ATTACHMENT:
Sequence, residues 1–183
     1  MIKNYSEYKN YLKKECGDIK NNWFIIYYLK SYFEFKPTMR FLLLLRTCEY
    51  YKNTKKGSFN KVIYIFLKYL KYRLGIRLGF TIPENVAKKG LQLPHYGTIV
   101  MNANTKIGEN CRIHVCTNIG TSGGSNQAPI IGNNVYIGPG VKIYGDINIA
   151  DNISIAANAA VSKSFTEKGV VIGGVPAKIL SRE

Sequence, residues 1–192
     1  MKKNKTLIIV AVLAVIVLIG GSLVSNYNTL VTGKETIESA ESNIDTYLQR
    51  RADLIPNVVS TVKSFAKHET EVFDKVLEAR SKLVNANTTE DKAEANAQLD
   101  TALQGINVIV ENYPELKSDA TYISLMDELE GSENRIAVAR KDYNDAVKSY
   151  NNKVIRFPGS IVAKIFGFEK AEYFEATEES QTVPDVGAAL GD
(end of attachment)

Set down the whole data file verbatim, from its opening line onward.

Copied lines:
Sequence, residues 1–183
     1  MIKNYSEYKN YLKKECGDIK NNWFIIYYLK SYFEFKPTMR FLLLLRTCEY
    51  YKNTKKGSFN KVIYIFLKYL KYRLGIRLGF TIPENVAKKG LQLPHYGTIV
   101  MNANTKIGEN CRIHVCTNIG TSGGSNQAPI IGNNVYIGPG VKIYGDINIA
   151  DNISIAANAA VSKSFTEKGV VIGGVPAKIL SRE

Sequence, residues 1–192
     1  MKKNKTLIIV AVLAVIVLIG GSLVSNYNTL VTGKETIESA ESNIDTYLQR
    51  RADLIPNVVS TVKSFAKHET EVFDKVLEAR SKLVNANTTE DKAEANAQLD
   101  TALQGINVIV ENYPELKSDA TYISLMDELE GSENRIAVAR KDYNDAVKSY
   151  NNKVIRFPGS IVAKIFGFEK AEYFEATEES QTVPDVGAAL GD